The Malaysian plane is not found floating in the Indian Ocean; there is no Gilligan’s Island. A landslide in Washington State takes another hundred. A super-athlete in South Africa is on trial for the murder of his girlfriend. Mick Jagger’s girlfriend: also gone.
A student in your morning class notices fresh red droplets on his paper and spontaneously calls out, “Is somebody bleeding!?” You all look at him, hysterical in the moment.
“Am I bleeding!?” he cries.
We determine that the student is not bleeding, that the rest of us are okay, and then group-glance up at the ceiling in hopes of finding the source of what we think is blood. There is no one bleeding from the ceiling, so we group-glance down and start trying to determine where the red drops came from.
“I bet somebody shook a red pen and the ink came out,” somebody says.
“Yeah,” somebody agrees, “but for that you’d have to break it and shake it directly at the person.”
You in particular are interested in the spray pattern. You remember the girl who sneezed earlier. But time is up and class ends. You all trudge out, looking back, wondering where the substance came from.
You go home and field an e-mail from your mom. Your parents are downsizing from the family house to a handicapped apartment, a little early in the equation of life, but a job that needs to be done. Mom is letting you know that she’s packed another special box for you, bubble-wrapping the delicates. This box along with others, plus furniture, will be transported by you from Minnesota to Arizona sometime during the month of May in a U-Haul.
The rule has always been that whatever gifts you gave to Mom and Dad, you get them back when they die. You always lived away, so the presents you’ve bought have been small: a tiny leather saddle exquisitely made for a six-inch horse, sea fossil impressions without the sea. Now, the rules are changed: your parents are not dying together.
You had forgotten about the wooden fruit until reading your mother’s note: “It will be hard for us to part with the wooden fruit in the wooden bowl, but we simply won’t have enough room in the new place for everything.”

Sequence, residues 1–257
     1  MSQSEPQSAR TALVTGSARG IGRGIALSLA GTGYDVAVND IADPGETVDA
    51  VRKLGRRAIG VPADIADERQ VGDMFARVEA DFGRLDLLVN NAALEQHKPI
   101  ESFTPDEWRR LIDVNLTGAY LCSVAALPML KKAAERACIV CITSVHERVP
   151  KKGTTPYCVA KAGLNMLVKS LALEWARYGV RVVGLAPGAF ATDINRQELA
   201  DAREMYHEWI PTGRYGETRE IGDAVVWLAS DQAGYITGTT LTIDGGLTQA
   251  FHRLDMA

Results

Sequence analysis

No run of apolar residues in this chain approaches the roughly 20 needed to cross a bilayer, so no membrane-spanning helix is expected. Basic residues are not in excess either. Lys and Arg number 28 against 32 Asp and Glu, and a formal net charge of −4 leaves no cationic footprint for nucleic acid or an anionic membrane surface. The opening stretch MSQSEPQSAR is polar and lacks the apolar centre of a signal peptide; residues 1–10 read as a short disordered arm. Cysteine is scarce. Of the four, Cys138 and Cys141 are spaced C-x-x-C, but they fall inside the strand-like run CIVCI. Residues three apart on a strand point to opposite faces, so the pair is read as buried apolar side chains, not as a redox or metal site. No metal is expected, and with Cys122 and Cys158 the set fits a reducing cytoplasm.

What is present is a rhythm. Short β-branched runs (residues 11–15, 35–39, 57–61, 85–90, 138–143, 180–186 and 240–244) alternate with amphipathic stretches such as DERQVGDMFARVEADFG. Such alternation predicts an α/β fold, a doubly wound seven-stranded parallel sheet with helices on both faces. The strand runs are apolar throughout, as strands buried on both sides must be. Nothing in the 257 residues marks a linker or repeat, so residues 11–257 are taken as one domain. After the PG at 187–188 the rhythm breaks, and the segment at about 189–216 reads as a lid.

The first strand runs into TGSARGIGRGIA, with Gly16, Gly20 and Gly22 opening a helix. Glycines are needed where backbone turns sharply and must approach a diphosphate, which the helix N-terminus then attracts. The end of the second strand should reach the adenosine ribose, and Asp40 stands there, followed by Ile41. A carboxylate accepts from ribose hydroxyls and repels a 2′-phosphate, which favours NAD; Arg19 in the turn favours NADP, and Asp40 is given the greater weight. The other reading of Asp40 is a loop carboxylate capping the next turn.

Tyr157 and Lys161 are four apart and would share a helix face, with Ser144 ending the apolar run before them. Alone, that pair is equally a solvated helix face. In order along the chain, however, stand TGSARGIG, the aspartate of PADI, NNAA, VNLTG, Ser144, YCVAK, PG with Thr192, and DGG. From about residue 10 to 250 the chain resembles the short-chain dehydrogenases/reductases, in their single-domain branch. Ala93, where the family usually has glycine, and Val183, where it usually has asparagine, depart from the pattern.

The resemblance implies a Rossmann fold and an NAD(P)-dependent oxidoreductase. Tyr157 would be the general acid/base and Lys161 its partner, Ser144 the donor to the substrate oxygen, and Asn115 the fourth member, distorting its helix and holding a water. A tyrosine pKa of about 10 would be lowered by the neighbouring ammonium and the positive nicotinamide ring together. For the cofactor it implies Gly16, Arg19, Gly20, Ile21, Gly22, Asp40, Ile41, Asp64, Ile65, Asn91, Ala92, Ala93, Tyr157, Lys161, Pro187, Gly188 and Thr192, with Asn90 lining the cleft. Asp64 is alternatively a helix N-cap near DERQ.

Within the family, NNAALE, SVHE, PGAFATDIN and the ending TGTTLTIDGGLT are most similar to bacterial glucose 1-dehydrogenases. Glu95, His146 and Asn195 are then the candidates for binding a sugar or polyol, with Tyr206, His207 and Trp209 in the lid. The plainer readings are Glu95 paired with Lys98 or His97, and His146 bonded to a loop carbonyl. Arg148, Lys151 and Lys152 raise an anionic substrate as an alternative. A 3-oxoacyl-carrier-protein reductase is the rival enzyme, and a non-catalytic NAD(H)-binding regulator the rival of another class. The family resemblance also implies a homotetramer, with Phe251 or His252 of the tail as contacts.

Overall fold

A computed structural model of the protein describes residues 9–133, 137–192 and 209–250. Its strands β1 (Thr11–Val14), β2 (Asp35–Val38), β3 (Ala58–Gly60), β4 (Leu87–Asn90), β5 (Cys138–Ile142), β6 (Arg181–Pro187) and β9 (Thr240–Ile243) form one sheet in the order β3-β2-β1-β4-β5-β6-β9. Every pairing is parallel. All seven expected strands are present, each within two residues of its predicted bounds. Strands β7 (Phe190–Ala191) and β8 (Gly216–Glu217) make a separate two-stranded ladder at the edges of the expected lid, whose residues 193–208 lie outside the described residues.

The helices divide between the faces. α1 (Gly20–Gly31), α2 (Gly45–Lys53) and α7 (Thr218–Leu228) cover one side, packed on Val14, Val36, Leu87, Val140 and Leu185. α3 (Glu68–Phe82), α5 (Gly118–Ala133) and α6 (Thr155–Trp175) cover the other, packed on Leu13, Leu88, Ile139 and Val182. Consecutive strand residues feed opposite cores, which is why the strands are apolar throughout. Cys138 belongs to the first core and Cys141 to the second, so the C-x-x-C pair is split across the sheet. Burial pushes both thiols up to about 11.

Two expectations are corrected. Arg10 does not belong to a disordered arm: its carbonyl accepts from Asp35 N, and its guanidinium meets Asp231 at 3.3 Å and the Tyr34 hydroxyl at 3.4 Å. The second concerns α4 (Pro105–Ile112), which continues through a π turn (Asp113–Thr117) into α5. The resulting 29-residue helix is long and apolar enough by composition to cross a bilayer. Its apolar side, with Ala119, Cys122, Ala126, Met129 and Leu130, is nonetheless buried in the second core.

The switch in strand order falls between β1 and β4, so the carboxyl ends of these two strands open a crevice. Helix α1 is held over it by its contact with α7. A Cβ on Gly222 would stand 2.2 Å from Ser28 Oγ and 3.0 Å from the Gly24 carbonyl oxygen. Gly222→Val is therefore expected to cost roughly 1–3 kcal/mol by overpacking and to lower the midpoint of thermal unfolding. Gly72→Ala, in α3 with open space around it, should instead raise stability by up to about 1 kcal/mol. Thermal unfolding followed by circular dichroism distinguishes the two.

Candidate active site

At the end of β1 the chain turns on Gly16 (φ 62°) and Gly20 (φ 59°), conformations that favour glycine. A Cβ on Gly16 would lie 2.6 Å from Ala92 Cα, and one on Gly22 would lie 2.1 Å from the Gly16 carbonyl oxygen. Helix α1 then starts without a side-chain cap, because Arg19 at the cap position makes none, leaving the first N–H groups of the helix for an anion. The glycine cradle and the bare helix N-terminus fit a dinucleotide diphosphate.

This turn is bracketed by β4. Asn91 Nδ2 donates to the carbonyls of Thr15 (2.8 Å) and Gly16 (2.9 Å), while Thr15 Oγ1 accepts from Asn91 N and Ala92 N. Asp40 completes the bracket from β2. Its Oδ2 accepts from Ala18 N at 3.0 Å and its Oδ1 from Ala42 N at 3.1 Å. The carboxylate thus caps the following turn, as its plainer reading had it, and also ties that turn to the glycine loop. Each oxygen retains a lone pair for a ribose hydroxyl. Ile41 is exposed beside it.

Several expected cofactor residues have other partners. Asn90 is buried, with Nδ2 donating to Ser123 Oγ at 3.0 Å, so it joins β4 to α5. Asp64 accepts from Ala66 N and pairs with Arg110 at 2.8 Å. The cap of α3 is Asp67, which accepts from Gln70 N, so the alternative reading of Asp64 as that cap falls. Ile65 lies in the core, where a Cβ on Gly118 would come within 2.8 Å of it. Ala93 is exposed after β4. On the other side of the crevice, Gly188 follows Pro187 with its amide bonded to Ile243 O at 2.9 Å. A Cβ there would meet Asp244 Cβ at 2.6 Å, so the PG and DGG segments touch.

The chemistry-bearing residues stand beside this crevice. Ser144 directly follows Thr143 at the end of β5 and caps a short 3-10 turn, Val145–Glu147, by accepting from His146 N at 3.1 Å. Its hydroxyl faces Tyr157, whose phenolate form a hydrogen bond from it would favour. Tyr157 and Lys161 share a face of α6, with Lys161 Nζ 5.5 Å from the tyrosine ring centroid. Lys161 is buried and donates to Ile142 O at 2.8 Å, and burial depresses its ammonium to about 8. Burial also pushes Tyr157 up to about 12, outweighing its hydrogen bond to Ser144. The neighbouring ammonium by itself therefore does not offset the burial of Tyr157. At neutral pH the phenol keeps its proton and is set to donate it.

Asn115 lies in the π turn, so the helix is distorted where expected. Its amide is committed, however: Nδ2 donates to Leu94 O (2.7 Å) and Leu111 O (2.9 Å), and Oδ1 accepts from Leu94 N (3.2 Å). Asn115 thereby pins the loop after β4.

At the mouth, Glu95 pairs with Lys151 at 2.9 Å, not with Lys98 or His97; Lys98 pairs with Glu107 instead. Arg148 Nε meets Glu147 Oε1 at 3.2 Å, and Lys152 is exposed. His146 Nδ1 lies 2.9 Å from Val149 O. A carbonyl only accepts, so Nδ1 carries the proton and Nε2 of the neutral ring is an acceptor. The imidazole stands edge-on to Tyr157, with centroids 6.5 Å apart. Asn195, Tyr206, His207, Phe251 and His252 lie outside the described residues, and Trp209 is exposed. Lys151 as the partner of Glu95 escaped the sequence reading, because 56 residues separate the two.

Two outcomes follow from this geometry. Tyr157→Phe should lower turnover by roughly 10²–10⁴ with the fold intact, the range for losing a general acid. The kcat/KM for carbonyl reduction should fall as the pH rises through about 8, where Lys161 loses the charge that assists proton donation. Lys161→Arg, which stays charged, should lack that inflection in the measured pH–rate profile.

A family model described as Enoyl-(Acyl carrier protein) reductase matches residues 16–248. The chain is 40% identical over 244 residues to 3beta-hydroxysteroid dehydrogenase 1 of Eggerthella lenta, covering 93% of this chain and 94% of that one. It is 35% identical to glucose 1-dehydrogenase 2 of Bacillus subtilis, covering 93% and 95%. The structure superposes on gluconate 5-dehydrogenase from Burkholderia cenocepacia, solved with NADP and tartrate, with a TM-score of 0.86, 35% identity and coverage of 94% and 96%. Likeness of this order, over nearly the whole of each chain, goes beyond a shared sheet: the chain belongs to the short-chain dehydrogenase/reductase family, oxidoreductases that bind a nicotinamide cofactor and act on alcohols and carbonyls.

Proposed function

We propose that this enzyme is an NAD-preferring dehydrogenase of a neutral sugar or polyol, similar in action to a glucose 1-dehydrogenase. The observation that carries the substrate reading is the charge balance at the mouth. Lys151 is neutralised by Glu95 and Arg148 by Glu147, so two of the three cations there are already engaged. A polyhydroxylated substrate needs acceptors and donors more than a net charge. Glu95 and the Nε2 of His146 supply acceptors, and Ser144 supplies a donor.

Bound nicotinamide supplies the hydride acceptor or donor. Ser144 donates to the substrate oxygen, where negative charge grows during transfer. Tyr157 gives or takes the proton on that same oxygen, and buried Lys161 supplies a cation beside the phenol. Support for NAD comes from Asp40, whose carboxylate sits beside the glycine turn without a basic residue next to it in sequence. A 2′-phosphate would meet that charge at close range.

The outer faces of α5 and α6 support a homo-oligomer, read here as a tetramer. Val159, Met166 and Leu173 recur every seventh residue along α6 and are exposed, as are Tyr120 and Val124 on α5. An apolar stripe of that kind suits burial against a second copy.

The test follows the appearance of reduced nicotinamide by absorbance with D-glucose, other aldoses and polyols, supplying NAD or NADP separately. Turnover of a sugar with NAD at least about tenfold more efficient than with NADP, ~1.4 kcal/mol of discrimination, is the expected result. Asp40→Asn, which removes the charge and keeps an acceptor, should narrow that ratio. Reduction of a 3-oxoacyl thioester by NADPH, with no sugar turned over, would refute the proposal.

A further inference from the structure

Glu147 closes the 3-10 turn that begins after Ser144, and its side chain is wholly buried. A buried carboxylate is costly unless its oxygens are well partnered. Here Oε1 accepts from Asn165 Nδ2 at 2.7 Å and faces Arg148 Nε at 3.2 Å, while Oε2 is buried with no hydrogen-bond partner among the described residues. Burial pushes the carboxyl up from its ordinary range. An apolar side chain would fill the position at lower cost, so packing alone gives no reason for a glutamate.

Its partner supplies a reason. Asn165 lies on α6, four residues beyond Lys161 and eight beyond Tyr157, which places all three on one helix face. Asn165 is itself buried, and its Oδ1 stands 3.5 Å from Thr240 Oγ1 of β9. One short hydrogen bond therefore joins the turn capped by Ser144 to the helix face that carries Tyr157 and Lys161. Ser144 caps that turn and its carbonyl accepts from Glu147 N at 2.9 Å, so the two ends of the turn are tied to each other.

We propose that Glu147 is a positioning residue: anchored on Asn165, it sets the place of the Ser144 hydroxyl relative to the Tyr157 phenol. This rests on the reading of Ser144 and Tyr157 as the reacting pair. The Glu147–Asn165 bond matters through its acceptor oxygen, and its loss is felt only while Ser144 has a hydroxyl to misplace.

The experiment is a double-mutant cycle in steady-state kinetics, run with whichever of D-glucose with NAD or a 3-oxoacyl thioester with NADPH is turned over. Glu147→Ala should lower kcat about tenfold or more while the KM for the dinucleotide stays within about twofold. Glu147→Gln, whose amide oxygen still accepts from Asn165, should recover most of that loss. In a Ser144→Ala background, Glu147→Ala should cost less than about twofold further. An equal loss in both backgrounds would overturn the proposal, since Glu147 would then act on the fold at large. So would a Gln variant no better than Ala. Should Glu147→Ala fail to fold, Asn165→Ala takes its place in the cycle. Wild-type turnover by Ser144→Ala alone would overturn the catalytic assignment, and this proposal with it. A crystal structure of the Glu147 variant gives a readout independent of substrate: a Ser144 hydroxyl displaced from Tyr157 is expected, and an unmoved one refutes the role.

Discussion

You think back on your life with your parents. You try to remember every gift-giving situation. From you, there have been puppets and magnets, shirts and blankets, the occasional bit of art. From them there have been guitar cases and a science kit, and always a room to call your own.
You can’t remember giving the wooden bowl of fruit. You stick yourself with pretend needles and roll around in the basement of your heart: When did I purchase this gift? Was it when I saw rotting fruit at their house in a Corelle bowl? Was it that I wanted fresh fruit and they didn’t have any?
You don’t often answer the door, and you think twice about it on Friday morning when the front bell rings. You glance outside the windows from where you are pirouetted in the shadows to see your neighbor’s daughter waiting with her arms crossed. You need to get out there.
“Hey, what’s goin’ on?” you say as you slip from the inside of your house to the outside.
Neighbor Daughter points to a two-ton pillar in her front yard that has been tilted 45 degrees by a car smashing into it. All you are thankful for is that you didn’t do it. You walk over with Neighbor Daughter to inspect the scene of the crime. She quickly points out the skid marks and the point of impact. You were never a crime scene investigator yourself.
Not long after, you're leaning over the back cinder block wall because you hear two other neighbors visiting in the alley. They’re talking about a truckload full of junk that was dumped in the alley behind the other guy’s house. You lilt, “My neighbor’s pillar got hit too!” Talk turns to crime in the area. You go back inside.
You check in one last time with yourself, ticking off the harms and goods that were done throughout the day.